TEL AVIV — Search the farthest regions of your highest kitchen cabinet, and you’ll probably find a can of soup you forgot all about. Canned food is a staple of modern life, and a convenience that is largely taken for granted, along with the myriad of other advancements that make our lives comfortable. Now, researchers from Tel Aviv University have discovered evidence that early humans began preserving their food — particularly bone marrow — much like we do with canned goods today as far back as 400,000 years ago.
Of course, humans of the late Lower Paleolithic period weren’t lucky enough to stock up on chicken noodle soup, but they were incredibly innovative with what they had to work with. These Paleolithic people saved animal bones for up to nine weeks before eating the nutritious bone marrow inside. The bones effectively functioned as cans, preserving the bone marrow.
These groundbreaking discoveries were made at Qesem Cave near Tel Aviv, in collaboration with an investigative team from Spain.
“Prehistoric humans brought to the cave selected body parts of the hunted animal carcasses,” explains Professor Jordi Rosell of the Universitat Rovira i Virgili and Institut Català de Paleoecologia Humana i Evolució Social, in a statement. “The most common prey was fallow deer, and limbs and skulls were brought to the cave while the rest of the carcass was stripped of meat and fat at the hunting scene and left there. We found that the deer leg bones, specifically the metapodials, exhibited unique chopping marks on the shafts, which are not characteristic of the marks left from stripping fresh skin to fracture the bone and extract the marrow.”
Bone marrow is chock full of nutrients, and was a dietary staple of prehistoric peoples living during this time period. However, all of the evidence collected up until now had indicated that bone marrow was always immediately eaten following the removal of soft tissue.
Researchers theorize that the deer bones were stored in caves covered in skin to aid in the preservation.
To come to their conclusions, the study’s authors utilized a unique combination of experimental and archeological methods to isolate and analyze marks on the discovered bones believed to be linked to dry skin removal. Then, they were able to determine the rate of marrow fat degradation, which indicated up to nine weeks of exposure. Basically, this method allowed the research team to estimate how long the bones were stored before being cracked open for eating.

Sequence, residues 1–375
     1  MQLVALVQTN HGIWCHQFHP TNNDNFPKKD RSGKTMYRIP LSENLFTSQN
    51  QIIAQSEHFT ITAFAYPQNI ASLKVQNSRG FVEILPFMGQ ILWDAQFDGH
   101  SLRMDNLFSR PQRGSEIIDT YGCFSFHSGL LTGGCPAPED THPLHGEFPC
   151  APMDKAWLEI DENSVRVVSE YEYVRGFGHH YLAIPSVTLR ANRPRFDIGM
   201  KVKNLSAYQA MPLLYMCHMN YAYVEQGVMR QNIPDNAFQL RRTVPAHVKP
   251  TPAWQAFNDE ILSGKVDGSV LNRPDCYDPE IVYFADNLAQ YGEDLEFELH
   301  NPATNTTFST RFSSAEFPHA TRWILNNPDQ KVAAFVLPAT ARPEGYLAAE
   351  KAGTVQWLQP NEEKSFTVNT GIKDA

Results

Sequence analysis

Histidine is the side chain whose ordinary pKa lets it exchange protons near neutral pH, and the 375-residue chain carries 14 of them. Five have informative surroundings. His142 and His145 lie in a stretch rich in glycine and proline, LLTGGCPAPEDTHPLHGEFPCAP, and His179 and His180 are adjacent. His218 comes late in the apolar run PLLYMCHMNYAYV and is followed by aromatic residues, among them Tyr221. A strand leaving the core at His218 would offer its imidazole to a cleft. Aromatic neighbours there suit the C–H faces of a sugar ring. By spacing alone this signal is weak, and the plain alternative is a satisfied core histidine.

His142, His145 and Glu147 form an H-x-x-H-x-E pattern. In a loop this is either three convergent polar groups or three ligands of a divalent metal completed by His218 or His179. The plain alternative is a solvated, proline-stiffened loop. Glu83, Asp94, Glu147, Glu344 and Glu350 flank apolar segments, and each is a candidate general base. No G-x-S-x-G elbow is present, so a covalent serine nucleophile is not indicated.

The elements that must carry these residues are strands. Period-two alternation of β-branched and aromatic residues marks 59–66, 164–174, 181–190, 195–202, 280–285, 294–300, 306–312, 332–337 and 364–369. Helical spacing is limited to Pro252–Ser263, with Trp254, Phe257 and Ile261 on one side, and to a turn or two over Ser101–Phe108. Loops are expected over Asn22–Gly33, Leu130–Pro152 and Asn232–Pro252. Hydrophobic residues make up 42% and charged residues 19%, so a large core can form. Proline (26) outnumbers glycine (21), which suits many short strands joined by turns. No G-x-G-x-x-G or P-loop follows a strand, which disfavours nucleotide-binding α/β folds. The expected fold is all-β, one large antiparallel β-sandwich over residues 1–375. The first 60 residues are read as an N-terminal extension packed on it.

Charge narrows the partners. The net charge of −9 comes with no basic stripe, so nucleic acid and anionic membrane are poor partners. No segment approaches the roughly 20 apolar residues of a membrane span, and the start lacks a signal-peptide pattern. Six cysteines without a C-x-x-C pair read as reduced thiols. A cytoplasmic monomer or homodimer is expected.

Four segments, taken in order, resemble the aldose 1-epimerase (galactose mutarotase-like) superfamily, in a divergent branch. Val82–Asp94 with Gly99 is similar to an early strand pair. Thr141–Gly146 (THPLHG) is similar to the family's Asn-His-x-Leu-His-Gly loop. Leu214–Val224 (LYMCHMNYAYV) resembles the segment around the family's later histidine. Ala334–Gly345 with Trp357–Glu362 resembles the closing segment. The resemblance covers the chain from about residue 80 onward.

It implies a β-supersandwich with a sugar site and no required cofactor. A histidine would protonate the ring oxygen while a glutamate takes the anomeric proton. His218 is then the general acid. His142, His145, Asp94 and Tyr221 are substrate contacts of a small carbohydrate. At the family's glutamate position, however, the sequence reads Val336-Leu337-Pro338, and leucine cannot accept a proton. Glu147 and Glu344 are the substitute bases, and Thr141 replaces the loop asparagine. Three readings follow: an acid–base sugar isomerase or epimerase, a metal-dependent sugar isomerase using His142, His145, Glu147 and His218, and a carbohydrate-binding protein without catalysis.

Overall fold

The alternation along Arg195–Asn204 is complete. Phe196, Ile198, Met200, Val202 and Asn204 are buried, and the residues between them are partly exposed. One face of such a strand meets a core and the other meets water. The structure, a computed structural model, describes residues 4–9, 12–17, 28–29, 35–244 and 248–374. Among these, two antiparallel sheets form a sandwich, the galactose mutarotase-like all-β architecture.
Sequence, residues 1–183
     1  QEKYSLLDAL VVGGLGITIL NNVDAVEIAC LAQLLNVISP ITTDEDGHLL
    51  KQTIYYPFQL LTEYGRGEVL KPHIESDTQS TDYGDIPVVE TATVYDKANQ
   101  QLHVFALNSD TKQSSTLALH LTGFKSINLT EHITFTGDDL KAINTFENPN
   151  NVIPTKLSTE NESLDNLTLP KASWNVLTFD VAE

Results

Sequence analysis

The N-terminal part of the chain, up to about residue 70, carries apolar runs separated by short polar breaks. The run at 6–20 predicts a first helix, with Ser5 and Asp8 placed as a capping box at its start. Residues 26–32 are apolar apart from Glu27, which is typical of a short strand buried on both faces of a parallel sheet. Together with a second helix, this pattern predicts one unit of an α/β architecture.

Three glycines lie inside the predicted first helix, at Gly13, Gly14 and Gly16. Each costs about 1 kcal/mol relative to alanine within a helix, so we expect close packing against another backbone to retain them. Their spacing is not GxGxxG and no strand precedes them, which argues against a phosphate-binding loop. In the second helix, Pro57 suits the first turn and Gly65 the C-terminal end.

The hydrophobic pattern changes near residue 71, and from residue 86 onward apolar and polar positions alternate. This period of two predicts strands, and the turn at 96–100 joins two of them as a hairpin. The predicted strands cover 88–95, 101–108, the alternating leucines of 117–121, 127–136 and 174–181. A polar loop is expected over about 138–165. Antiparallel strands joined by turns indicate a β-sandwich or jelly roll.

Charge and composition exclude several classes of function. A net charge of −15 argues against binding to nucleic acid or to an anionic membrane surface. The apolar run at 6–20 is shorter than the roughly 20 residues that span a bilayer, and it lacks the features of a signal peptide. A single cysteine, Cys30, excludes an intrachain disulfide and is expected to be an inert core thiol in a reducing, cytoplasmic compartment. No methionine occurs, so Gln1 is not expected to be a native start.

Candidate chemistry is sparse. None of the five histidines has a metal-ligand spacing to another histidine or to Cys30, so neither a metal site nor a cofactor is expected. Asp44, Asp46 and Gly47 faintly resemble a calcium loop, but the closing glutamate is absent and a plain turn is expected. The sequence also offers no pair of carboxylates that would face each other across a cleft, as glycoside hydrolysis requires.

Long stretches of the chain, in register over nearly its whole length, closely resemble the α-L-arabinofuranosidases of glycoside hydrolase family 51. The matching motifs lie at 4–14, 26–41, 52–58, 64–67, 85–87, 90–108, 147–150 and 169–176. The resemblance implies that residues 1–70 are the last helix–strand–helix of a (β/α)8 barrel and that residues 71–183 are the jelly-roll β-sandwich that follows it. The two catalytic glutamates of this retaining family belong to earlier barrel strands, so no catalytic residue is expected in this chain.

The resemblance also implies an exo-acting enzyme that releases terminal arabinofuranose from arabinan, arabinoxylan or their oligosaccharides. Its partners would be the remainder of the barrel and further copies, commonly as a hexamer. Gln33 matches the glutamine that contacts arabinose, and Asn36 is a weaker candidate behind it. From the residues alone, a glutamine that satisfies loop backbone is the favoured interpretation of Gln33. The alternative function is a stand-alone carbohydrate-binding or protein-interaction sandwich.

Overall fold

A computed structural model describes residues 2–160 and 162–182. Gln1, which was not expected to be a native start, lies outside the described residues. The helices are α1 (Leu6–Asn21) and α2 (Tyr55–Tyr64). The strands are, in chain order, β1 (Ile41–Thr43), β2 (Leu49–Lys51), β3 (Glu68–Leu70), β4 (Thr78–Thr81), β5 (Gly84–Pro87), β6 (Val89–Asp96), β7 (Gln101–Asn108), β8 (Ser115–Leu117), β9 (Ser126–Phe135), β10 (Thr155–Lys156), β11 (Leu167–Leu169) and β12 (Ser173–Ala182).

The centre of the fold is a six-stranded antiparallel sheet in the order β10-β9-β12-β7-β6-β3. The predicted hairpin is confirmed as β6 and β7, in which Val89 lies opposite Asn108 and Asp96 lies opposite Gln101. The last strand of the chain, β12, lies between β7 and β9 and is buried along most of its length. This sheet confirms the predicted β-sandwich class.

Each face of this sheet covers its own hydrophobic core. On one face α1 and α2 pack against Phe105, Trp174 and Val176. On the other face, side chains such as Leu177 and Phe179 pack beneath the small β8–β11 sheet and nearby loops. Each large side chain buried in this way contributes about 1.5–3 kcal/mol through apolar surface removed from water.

“We discovered that preserving the bone along with the skin, for a period that could last for many weeks, enabled early humans to break the bone when necessary and eat the still nutritious bone marrow,” comments Dr. Ruth Blasco of Tel Aviv University.
“The bones were used as ‘cans’ that preserved the bone marrow for a long period until it was time to take off the dry skin, shatter the bone and eat the marrow,” adds Professor Ran Barkai.
Paleolithic people have always been classified as hunter-gatherers who consumed whatever food they were able to catch immediately, and often endured long period of hunger during times when food sources were scarce. These findings potentially change that entire narrative.
“We show for the first time in our study that 420,000 to 200,000 years ago, prehistoric humans at Qesem Cave were sophisticated enough, intelligent enough and talented enough to know that it was possible to preserve particular bones of animals under specific conditions, and, when necessary, remove the skin, crack the bone and eat the bone marrow,” explains Professor Avi Gopher.
Furthermore, this is the earliest evidence anywhere in the world of food preservation and storing food for consumption at a later time. It seems the ancient peoples of Qesem Cave were quite innovative, as prior discoveries inside the cave have revealed evidence of recycling, regular use of fire, and the cooking of meat.
“We assume that all this was because elephants, previously a major source of food for humans, were no longer available, so the prehistoric humans in our region had to develop and invent new ways of living,” Professor Barkai concludes. “This kind of behavior allowed humans to evolve and enter into a far more sophisticated kind of socioeconomic existence.”
The study is published in Science Advances.